Tuesday, January 17, 2012

lunch at dovetail (lyn)

I moved to New York in January of 1985, and soon after meet Carol.  She is my first friend here, and that summer, we share a house with 20 others in Westhampton. 

Then I meet Abby; here we are in 1989.

And soon after, through Abby, I meet Alice (this was taken in 1992).

All three were-and are-accomplished, bright, interesting, and fun.  By the early 90's, Abby and Carol had moved to Westchester, married, and had three children each.  Alice and I stayed in the city, she living downtown and me living uptown; both of us had a child.

In March of 2009, we all get together for lunch, the first time in too many years to count.  We have such a great time that we decide to make it a monthly thing.  We set a date for our second lunch for sometime in April.  Something comes up and we need to reschedule.  Things happen and life continues and now, here it is, almost three years later, and we are getting together for our second lunch.

The next 20 days in NYC are restaurant week (it must have started as 7-days)….many of the best restaurants are offering 3-course lunch and dinner specials for $24.07 and $35 respectively.  It is a great deal, and a nice opportunity to visit new restaurants.  Carol chooses Dovetail on the west side, and we all eagerly agree.

I spend time on my hair, washing it and blowing it out.  I wear one of my little black skirt outfits.  I get to the bus stop across the street and it is steadily raining, thereby erasing my hair effort.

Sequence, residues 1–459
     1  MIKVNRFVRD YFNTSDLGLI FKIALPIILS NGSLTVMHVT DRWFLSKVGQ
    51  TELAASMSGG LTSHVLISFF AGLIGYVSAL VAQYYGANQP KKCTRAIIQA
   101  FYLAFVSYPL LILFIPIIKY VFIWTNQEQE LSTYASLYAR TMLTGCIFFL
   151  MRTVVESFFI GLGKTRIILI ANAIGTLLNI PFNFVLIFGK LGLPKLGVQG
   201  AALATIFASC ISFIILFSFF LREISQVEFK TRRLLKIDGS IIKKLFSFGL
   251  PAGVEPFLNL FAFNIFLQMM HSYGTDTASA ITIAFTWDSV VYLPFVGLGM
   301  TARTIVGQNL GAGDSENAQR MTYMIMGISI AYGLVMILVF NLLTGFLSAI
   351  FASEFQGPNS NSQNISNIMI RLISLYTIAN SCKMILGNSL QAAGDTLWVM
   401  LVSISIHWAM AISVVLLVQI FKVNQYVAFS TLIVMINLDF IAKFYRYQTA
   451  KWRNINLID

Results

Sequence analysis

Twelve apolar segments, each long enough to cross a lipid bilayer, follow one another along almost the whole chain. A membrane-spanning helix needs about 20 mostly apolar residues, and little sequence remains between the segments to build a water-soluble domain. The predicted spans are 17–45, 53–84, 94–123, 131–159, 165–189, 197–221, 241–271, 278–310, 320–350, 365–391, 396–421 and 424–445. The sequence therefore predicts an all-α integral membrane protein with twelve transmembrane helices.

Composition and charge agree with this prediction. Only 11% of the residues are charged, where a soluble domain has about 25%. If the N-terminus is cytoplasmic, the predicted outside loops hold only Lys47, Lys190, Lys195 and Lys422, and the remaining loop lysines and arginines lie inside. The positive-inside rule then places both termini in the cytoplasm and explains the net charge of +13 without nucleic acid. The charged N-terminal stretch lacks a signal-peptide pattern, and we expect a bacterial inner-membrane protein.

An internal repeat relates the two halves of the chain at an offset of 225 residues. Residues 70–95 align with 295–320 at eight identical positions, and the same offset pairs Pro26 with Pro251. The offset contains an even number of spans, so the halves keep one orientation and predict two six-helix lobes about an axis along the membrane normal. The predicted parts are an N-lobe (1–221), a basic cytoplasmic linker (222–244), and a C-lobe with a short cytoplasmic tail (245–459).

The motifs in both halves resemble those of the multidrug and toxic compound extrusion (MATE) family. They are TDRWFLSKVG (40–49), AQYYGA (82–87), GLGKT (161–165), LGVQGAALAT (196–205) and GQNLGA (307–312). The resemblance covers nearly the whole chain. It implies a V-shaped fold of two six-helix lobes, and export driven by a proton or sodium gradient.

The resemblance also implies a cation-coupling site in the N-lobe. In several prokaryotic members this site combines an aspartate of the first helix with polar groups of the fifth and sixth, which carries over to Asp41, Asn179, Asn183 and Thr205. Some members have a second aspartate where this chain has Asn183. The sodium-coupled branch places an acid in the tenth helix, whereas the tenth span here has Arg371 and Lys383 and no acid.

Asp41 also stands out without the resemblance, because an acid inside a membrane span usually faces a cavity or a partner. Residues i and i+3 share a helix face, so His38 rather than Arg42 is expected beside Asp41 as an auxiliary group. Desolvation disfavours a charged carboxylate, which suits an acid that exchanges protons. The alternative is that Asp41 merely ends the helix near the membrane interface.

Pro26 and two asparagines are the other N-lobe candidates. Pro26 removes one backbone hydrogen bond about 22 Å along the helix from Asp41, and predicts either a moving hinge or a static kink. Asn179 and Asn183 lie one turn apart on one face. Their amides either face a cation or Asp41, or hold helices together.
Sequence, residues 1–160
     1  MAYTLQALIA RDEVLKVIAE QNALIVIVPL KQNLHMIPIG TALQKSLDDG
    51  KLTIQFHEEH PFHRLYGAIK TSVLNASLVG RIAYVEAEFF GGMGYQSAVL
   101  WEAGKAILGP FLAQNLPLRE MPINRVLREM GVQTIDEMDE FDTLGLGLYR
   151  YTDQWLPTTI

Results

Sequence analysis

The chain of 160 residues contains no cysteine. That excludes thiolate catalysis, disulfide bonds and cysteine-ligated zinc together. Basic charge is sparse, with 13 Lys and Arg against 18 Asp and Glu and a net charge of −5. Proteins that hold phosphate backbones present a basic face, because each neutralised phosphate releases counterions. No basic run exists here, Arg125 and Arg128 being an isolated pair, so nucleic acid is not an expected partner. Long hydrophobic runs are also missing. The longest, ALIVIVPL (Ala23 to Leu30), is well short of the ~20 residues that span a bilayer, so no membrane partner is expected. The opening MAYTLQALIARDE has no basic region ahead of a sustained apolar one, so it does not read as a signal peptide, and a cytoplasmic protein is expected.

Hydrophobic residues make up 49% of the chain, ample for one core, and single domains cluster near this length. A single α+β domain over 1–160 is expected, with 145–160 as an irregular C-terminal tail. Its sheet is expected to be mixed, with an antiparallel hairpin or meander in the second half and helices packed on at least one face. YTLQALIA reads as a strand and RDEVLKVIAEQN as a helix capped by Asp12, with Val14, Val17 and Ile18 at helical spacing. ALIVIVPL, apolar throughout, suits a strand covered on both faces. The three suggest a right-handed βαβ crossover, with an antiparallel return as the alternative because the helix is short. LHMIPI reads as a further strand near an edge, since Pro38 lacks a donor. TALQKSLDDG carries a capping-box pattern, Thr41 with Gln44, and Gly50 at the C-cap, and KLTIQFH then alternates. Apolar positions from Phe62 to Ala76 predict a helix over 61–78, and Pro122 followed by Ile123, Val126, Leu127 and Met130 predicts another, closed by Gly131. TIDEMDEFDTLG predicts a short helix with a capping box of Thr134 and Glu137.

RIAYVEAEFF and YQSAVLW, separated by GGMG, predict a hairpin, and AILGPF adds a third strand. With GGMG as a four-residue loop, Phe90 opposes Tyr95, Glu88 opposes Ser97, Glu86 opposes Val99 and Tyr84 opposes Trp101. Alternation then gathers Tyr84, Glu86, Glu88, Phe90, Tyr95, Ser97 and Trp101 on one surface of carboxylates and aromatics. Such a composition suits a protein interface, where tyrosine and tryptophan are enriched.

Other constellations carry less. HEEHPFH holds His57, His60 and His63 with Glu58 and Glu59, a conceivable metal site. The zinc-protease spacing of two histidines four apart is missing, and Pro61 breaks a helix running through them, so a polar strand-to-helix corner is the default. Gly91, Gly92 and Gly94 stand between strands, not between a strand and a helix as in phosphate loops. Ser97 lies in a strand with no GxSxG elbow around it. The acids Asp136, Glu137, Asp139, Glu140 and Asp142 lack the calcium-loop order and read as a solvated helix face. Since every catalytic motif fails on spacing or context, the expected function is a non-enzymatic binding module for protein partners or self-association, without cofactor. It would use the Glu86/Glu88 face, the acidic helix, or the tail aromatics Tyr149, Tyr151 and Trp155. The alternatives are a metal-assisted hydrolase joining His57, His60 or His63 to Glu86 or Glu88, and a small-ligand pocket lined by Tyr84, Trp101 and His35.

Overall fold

The bus slowly meanders its way crosstown and I arrive late.  I am not exaggerating when I say that each of my friends looks prettier, healthier, thinner, and more vibrant than when I first met them in the mid-80’s.  As we are talking over each other to catch up, Carol looks across the restaurant and sees, like us, a table of four women.  They may not be much older than we are, but they have that senior look….grey hair in a I'm-not-young-anymore style.  Carol asks, “Do you think we will ever look like them?”  We look over and all agree that no, never.  Despite our ages, we will always be youthful, though our kids would probably disagree.  I try to sneak a picture of this other table, but am unsuccessful at getting all four.  One of the women looks at me with knowing eyes; I feel like a stalker. This is all I am able to get:

 Meanwhile, Carol announces her two goals for the new year.
  1. To give up eating only kosher foods.
  2. To learn how to drink a martini.
Her family is encouraging of the former (perhaps of the latter too), but she is finding it difficult.  We assure her that someday, if she tries really really hard, she may be able to eat a non-kosher hot pastrami sandwich and enjoy it.

The food at Dovetail is amazing and interesting.  The braised lamb appetizer (in a puff pastry with beets and mint) is excellent, and beautifully presented.

The salmon (with brussel sprouts, parsnips, and grapefruit) is also good.  I get lost in the conversation and forget to snap a picture.  Besides, the four women at the other table are still glaring at ours, expecting me to try and grab another photo of them.

Dessert is almost too pretty to eat.  I get the “bittersweet chocolate cremeux tangerine, olive oil crumble, cinnamon ice cream.” 

All the servings are small and exquisitely plated.  It is an elegant dining experience, except for all the laughter.  Two hours sneak by, and too soon we have to leave.  We still have many more stories to tell and news to relate.

We schedule our next lunch for March.  I hope nothing gets in the way, as today’s lunch was an astonishingly delicious treat.

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